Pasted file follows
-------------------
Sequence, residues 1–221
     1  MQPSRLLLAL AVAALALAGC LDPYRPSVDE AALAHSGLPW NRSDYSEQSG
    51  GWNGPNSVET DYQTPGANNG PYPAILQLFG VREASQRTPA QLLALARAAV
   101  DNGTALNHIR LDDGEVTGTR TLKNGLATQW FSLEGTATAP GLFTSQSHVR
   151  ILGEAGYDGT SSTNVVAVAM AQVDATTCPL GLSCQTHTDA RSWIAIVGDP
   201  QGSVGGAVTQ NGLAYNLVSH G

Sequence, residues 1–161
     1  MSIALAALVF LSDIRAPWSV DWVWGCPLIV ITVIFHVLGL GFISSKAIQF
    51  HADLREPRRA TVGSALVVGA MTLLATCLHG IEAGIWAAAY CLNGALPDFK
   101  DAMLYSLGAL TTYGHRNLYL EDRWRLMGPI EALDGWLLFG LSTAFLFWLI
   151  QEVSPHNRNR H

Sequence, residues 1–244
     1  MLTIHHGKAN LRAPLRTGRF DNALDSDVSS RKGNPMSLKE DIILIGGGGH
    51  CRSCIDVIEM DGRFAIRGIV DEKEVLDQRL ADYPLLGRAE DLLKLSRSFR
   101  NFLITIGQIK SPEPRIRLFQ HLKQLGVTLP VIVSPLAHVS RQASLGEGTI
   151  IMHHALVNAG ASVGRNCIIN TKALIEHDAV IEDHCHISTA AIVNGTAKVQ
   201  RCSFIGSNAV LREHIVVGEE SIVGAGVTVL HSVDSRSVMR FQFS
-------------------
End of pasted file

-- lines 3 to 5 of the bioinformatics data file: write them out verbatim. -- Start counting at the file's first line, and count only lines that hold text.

    51  GWNGPNSVET DYQTPGANNG PYPAILQLFG VREASQRTPA QLLALARAAV
   101  DNGTALNHIR LDDGEVTGTR TLKNGLATQW FSLEGTATAP GLFTSQSHVR
   151  ILGEAGYDGT SSTNVVAVAM AQVDATTCPL GLSCQTHTDA RSWIAIVGDP